These are not easily implementable for being in conflict with the provisions of Section 113(1)(d), which says that the companies have to pay minimum tax regardless of the application of credits or rebates, and Section 169(2)(d), which provides that tax deducted under the final tax regime should not be reduced by any tax credit.

As a result, tax authorities remain reluctant to process claims of investment tax credits against tax payable under minimum and final tax regimes. Moreover, it is also not clear from the provisions of Section 65B whether the companies making such investments through musharaka agreements are entitled for investment tax credits and tax refunds under the said provisions.

Additionally, the withholding tax regime needs to be revisited to make the tax system more equitable and pro-economic growth. Reliance must be on direct tax collection by enhancing the number of direct taxes and reducing withholding taxes gradually.

Strengthening enforcement is inevitable to create deterrence against tax evasion and fraud. Results of the recently announced tax amnesty scheme show tax evaders and money launderers could not be handled with kid gloves and benign tax policies. Not many people stepped forward despite being provided with a golden opportunity to declare concealed income and foreign and domestic assets by paying tax at significantly reduced rates. In the United Arab Emirates alone, Pakistanis own around $150bn worth of properties and assets.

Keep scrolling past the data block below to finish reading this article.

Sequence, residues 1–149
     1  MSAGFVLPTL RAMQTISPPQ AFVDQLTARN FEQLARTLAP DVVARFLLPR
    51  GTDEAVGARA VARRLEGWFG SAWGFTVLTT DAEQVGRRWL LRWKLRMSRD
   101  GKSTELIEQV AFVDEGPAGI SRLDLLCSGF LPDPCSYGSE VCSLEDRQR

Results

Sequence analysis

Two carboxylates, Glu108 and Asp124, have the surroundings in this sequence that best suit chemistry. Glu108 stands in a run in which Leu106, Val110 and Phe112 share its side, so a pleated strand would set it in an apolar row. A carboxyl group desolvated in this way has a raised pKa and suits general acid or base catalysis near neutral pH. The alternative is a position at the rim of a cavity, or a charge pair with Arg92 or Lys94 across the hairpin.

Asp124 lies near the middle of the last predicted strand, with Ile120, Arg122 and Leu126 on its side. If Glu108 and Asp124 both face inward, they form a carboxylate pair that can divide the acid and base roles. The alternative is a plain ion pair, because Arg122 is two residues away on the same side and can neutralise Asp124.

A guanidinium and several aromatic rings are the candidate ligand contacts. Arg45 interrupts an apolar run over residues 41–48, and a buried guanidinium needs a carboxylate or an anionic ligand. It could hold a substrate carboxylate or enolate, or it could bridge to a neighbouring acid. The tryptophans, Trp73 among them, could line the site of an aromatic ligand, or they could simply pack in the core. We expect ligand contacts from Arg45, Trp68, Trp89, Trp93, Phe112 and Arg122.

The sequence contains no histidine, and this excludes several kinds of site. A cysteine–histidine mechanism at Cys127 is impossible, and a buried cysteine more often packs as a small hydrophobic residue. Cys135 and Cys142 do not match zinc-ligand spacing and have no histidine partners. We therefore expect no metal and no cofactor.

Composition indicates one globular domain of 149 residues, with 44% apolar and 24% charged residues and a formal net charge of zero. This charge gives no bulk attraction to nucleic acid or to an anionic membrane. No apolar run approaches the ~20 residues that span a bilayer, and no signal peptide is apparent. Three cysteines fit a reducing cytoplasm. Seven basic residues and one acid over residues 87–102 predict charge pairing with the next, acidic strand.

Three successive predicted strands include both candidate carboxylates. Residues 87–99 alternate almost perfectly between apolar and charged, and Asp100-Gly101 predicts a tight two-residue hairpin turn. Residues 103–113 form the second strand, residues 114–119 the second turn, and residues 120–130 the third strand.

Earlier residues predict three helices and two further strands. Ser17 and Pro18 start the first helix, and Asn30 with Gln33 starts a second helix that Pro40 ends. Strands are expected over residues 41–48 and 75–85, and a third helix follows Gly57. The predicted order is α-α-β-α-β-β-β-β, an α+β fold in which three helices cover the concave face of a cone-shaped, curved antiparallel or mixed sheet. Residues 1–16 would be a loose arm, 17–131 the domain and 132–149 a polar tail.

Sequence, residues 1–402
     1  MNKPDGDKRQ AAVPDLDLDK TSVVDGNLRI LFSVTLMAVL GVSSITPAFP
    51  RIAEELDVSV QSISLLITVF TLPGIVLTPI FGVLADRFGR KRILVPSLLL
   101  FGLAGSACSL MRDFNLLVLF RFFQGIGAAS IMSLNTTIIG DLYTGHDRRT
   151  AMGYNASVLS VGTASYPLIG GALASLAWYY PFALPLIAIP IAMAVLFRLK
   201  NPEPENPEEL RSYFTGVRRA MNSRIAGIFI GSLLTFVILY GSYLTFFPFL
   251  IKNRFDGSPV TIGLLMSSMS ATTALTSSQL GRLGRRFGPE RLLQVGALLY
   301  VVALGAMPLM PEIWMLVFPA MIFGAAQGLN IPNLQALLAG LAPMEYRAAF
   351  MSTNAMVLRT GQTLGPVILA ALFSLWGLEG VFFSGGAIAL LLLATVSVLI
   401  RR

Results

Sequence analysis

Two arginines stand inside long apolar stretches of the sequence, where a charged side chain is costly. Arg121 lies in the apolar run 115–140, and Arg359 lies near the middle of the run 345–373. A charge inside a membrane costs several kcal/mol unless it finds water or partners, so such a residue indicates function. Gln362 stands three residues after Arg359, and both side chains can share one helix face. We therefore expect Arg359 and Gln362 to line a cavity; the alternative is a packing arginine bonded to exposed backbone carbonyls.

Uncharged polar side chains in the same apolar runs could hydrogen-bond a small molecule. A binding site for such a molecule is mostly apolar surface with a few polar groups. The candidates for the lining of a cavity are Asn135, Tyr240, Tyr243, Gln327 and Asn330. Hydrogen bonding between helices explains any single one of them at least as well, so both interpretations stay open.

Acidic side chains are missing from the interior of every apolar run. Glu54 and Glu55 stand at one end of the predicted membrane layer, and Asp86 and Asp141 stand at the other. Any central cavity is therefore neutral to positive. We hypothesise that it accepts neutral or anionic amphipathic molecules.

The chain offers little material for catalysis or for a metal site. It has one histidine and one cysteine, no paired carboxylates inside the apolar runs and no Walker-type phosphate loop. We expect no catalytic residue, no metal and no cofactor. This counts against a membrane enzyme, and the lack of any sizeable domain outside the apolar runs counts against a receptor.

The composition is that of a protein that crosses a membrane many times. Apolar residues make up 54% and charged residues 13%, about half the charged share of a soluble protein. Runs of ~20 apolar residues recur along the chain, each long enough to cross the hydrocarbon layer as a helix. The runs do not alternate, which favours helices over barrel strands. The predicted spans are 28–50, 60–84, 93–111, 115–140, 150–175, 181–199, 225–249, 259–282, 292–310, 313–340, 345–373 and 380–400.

To bridge the tax gap, the authorities have to focus on major segments of the economy, including real estate, services, hospitality and food, non-traditional and newly emerging businesses and professions, bulk trading like vehicles and other luxury items and brokerage houses. Each of these segments requires specialised taxation through the creation of specialised zones in field formations. These zones could be assigned sector-specific cases of taxable persons.